ECE59I_Project_Instructions-2 - ECE594I, Prof. Brown, Fall...

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ECE594I, Prof. Brown, Fall Quarter 2009 Course Laboratory Project 1 THz Characterization of a LiTaO 3 Pyroelectric Detector Background The THz field has advanced dramatically during the past 10 years largely in large part because of the development of useful solid-state devices, components, and systems operating at room temperature. Among the successful components are Schottky diode mixers, rectifiers, and varactor multiplier; ultrafast photoconductive (aka “Auston”) switches and photomixers; millimeter-wave low-noise and power amplifiers; and room-temperature thermal detectors (bolometers and pyrolectrics). Among the successful components and systems are varactor multiplier chains, Schottky-diode-based modularized heterodyne receiver front ends, scalar network analyzers, time-domain spectrometers, and photomixing sweep oscillators. The goal of this laboratory project is to give the students “hands-on” experience with one of the most useful and affordable of these devices – the pyroelectric thermal detector. Measuring power – be it thermal or coherent radiation – is one of the most common and important THz tasks, and it has long been somewhat controversial. Researchers developing new THz oscillators have often measured the output power with cryogenic bolometers that are poorly understood and characterized by spectral variations and saturation effects. So they may likely underestimate or overestimate the output of their oscillator, leading to disagreement with other researchers that impedes the progress of the field as a whole. This is a primary reason for the “standardization” that has occurred in nearly every RF band below the THz region over the past 50 years. Unfortunately, the THz field is still a bit too primitive to create such standardization, although there are certain efforts in this direction. If sensitive enough and spectrally uniform, the pyroelectric detector has a good chance of becoming a THz standard in the next few years. The sensitivity requirements are roughly NEP’ ~ 0.1 nW/Hz ½ , and NE T’ ~ 1.0 K/Hz ½ . Both are comparable to the THz sensitivity of the best Golay cells. But the pyroelectric detectors are much more rugged, cost much less (< 10%), and are amenable to fabrication in one- or two-dim arrays. Judging from how important uncooled thermal detector arrays (so-called “focal plane” arrays) have been in the mid-IR bands, a room-temperature THz array is an exciting possibility. Laboratory Procedure The experiments will all be carried out in the Laboratory of 2209 Engineering Sciences Building. Each student will be assigned their own pyroelectric detector, a Model SPH-45 (manufactured by Spectrum Detector, Inc.) mounted in a TO-5 can. The detector is a single- crystal LiTaO 3 capacitor with a front-side chrome electrode that doubles as the absorbing layer. The pyroelectric detector is coupled to a transimpedance amplifier (TIA) that is packaged on the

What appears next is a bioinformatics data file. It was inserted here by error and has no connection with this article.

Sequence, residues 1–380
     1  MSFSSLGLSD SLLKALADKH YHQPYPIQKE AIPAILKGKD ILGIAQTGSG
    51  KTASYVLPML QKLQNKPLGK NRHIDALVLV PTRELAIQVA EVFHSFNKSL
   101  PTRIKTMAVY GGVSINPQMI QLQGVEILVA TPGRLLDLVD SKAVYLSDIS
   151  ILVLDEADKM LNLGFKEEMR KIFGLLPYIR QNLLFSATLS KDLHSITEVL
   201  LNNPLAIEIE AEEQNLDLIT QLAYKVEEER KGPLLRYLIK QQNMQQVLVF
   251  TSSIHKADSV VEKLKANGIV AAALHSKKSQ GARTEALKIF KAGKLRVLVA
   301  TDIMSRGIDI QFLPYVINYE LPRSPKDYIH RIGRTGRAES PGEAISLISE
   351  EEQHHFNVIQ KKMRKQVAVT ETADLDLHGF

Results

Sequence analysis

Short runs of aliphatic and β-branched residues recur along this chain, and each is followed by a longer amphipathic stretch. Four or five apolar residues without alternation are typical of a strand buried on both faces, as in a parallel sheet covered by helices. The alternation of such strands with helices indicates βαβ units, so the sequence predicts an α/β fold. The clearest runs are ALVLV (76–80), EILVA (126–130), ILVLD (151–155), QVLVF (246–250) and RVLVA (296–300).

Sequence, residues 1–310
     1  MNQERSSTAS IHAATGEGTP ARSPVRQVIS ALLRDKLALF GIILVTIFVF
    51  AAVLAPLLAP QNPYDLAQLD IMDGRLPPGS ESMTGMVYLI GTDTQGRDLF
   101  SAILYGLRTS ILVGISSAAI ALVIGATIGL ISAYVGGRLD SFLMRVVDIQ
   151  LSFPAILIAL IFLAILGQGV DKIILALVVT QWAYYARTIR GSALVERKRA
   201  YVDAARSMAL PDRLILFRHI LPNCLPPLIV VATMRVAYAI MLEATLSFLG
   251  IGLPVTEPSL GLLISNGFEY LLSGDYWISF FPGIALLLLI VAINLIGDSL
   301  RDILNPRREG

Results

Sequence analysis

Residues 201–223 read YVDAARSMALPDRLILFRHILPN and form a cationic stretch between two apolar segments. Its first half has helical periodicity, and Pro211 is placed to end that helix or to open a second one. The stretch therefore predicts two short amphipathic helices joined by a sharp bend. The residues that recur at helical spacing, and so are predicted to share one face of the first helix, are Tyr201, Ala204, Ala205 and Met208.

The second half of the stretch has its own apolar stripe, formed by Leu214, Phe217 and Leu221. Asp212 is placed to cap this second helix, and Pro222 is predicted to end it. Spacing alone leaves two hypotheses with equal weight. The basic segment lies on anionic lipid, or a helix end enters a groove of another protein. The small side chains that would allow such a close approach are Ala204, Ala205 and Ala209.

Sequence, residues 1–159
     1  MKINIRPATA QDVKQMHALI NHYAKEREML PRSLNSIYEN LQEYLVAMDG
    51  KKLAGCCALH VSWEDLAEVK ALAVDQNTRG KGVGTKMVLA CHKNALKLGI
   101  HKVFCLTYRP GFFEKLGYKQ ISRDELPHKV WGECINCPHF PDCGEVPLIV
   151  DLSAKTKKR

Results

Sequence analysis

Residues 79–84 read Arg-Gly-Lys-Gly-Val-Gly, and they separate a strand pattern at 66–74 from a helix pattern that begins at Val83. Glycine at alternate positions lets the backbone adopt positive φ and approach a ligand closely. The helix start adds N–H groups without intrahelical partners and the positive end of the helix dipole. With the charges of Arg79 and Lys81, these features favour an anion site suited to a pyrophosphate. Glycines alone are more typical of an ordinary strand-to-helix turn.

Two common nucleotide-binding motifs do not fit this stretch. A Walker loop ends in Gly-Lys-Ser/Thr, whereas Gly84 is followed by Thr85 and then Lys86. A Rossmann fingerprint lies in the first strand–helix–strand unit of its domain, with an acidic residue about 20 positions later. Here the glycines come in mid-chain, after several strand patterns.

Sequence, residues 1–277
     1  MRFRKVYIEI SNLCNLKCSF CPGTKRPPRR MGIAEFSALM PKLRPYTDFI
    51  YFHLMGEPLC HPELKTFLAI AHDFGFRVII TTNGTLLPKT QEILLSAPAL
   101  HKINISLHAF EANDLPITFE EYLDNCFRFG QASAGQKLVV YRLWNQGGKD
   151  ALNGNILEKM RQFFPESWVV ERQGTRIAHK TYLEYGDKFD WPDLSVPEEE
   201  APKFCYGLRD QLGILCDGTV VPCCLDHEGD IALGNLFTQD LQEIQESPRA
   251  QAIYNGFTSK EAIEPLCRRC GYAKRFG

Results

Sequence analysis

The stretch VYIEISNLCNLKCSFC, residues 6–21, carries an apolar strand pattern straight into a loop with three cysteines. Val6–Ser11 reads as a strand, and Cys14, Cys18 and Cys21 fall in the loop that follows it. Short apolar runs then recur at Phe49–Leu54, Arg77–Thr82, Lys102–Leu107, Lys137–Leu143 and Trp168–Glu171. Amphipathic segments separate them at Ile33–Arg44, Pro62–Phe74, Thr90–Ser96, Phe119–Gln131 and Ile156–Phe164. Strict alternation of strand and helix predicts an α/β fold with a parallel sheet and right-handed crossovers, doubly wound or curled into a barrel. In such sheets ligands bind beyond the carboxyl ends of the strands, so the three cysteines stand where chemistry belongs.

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This note was uploaded on 12/02/2009 for the course ECE 000 taught by Professor O during the Spring '09 term at UCSB.

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ECE59I_Project_Instructions-2 - ECE594I, Prof. Brown, Fall...

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